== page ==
6. Whom can I ask about a Nature Conservancy project in my area?

The Nature Conservancy can be contacted here

7. How do I apply to work for The Nature Conservancy in Indonesia?

The Nature Conservancy employs a multi-faceted and talented group of dedicated, hard-working employees who collaborate to achieve our common conservation goals.  If you are interested in joining our team, please visit our careers web pages for more information about Nature Conservancy career opportunities and details on how to apply for specific jobs. If you wish to be included on our job roster, please send your resume to recruitment.indo@tnc.org

8. Can I do an internship or volunteer at the Nature Conservancy in Indonesia?

Depending on needs and current vacancies The Nature Conservancy offers Internship and Volunteer positions every six months. Please send expressions of interest, including a resume and motivation letter, to The Nature Conservancy at indonesia@tnc.org.

9. What are legacy projects?

Legacy Projects are The Nature Conservancy’s past projects where the responsibility for the management of these projects has been completely handed over to local groups and partners.

10. What is Conservation by Design? Also, what is Development by Design? What is the relevance of the concept with Indonesia?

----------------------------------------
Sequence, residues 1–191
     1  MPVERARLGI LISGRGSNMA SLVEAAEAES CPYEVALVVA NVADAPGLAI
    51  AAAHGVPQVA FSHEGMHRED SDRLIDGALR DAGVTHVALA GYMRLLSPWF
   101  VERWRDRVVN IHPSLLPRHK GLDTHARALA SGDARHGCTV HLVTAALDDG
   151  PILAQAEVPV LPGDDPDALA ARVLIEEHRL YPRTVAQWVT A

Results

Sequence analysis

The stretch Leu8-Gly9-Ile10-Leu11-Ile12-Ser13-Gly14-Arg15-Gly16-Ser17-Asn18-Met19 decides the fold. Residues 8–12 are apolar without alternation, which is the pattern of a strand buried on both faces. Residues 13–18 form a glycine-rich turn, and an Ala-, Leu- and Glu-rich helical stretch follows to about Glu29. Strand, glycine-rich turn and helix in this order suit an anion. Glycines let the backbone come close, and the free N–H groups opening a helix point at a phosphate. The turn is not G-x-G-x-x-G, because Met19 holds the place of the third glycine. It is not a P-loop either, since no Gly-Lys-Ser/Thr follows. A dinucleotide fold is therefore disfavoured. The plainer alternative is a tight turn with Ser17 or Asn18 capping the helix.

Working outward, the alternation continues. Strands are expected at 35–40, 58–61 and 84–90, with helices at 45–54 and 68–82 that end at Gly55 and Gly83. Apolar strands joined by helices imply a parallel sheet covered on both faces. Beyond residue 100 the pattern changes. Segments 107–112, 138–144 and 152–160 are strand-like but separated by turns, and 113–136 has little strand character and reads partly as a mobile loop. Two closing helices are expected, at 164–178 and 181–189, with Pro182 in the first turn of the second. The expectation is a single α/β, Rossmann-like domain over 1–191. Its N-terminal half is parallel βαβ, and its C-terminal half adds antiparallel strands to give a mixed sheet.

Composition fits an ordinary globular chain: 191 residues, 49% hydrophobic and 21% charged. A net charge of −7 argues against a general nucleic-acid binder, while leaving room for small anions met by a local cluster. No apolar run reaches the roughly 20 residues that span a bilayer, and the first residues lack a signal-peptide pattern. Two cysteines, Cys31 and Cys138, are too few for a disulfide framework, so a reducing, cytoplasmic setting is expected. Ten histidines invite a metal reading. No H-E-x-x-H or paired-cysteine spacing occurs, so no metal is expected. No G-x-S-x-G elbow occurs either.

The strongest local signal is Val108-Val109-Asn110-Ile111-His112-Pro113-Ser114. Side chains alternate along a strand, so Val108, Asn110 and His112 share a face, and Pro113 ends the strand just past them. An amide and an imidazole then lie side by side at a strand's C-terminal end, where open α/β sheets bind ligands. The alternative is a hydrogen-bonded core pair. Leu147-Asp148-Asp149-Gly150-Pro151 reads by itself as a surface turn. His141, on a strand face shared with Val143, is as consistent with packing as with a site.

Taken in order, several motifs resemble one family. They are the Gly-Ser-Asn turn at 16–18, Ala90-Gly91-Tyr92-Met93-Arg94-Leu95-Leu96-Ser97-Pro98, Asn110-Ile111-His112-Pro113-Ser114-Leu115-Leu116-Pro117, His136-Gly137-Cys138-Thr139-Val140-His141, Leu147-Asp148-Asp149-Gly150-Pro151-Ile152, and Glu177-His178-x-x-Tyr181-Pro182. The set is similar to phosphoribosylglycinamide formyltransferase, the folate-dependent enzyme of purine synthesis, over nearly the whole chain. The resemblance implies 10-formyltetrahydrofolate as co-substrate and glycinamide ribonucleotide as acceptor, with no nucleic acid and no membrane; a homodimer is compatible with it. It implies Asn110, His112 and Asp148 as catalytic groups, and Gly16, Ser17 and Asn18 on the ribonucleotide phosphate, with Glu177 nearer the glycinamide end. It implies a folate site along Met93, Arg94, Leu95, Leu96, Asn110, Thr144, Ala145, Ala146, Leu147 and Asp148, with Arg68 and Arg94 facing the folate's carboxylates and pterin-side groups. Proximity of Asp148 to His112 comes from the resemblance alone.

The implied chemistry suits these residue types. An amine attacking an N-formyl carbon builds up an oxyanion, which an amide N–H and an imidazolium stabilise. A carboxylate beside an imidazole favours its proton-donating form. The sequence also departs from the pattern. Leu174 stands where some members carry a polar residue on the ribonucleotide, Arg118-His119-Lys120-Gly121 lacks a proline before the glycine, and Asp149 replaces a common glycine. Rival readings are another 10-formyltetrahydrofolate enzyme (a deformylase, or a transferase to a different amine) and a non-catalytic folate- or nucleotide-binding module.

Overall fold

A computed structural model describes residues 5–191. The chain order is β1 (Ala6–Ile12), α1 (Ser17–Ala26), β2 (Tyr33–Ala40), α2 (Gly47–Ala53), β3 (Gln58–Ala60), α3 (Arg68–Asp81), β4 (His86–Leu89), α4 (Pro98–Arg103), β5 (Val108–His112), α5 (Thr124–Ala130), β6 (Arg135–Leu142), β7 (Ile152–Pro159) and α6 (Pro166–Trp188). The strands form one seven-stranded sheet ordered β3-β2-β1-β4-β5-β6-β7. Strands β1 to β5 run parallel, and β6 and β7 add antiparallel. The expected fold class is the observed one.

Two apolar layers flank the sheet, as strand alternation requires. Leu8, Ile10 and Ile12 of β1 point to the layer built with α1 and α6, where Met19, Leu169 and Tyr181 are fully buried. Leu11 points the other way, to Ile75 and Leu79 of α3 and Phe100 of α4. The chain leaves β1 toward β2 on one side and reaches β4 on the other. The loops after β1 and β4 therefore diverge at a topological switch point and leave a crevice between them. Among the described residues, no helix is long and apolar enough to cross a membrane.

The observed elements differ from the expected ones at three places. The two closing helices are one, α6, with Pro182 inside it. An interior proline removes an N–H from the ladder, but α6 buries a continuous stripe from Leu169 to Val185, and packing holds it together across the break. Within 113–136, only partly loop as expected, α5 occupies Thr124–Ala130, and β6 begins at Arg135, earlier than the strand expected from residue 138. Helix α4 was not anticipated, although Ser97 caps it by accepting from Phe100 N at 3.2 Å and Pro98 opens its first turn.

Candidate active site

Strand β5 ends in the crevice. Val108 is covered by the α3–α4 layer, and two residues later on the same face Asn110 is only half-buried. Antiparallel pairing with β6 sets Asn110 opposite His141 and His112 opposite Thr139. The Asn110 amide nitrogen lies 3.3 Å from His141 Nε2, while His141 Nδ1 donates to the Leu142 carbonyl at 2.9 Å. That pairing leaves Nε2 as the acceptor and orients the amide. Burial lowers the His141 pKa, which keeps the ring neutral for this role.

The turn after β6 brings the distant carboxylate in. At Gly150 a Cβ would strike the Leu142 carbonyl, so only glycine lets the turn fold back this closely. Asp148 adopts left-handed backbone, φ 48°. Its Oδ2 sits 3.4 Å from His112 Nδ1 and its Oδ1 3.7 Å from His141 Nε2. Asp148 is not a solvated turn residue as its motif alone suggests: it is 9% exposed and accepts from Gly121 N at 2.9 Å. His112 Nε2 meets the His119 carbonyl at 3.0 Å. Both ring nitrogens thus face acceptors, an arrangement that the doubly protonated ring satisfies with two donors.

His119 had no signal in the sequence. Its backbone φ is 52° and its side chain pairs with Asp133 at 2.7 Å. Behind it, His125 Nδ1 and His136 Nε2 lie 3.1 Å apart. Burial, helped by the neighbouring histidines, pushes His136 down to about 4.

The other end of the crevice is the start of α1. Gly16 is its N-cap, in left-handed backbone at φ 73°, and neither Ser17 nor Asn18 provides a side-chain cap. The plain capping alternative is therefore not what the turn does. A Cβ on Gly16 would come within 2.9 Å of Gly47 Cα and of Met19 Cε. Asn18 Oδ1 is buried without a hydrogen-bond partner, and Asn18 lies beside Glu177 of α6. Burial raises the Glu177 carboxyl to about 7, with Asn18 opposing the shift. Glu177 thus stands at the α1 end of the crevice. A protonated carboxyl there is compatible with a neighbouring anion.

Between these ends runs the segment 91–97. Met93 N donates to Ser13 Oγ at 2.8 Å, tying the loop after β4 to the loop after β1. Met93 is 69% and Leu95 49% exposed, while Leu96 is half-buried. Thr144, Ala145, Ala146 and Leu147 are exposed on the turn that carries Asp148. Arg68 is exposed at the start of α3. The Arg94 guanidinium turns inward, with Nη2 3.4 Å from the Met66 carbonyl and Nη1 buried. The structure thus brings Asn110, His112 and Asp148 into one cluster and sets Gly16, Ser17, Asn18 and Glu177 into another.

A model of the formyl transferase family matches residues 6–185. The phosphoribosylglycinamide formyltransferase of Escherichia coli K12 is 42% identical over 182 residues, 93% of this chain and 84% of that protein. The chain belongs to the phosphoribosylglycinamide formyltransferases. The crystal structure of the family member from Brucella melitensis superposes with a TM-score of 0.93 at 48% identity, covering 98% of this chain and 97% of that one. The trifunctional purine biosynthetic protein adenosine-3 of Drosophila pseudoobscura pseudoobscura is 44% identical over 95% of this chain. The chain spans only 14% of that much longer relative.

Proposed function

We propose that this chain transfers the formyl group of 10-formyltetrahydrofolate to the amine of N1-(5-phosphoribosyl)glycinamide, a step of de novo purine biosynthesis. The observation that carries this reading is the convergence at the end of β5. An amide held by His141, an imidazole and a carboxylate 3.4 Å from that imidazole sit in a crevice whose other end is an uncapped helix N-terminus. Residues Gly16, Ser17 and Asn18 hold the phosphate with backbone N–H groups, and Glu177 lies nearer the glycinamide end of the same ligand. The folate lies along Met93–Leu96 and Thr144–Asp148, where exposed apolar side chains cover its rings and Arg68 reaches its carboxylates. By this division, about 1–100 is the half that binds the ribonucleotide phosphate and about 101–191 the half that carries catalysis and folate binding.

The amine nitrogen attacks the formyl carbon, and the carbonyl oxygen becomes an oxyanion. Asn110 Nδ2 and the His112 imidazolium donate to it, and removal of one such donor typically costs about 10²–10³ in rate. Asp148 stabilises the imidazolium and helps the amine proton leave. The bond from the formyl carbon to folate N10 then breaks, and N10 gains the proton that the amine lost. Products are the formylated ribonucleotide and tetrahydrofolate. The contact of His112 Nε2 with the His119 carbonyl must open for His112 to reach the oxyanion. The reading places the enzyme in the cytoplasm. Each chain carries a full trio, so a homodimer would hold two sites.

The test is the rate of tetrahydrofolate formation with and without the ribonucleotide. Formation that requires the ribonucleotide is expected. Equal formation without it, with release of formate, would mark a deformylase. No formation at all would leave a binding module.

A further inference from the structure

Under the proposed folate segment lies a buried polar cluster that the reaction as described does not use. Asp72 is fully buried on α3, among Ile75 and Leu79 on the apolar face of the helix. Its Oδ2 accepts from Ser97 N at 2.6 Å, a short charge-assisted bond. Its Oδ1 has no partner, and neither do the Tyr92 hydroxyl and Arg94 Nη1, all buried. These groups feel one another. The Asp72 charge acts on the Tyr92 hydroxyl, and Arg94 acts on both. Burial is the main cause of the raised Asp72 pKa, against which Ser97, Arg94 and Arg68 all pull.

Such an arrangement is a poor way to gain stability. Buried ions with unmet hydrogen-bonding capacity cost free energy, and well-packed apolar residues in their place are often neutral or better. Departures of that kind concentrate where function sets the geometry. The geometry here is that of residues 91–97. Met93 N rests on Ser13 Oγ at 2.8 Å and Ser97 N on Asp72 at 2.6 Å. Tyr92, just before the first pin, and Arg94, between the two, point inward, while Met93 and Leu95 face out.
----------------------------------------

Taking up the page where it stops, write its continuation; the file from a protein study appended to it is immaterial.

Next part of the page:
Conservation by Design is a framework that translates The Conservancy’s broadly stated mission into a unifying articulation of common purpose and direction — a compass bearing to align the organization in taking the most effective conservation action to achieve tangible, lasting results. It sets forth a clear, concise vision for accomplishing mission success,  ambitious goals to make the necessary progress toward fulfilling this vision, an overview of our integrated approach for achieving this goal, an outline of the measures we use to monitor our organizational progress as well an description of the unique values that characterize The Nature Conservancy’s conservation work.

Development by Design is a framework which is grounded in the Conservancy’s scientific expertise. Development by Design (DbD) provides a holistic view of how future development could affect our natural systems and offers solutions for ensuring their health over the long-term for the people and precious wildlife that depend upon them.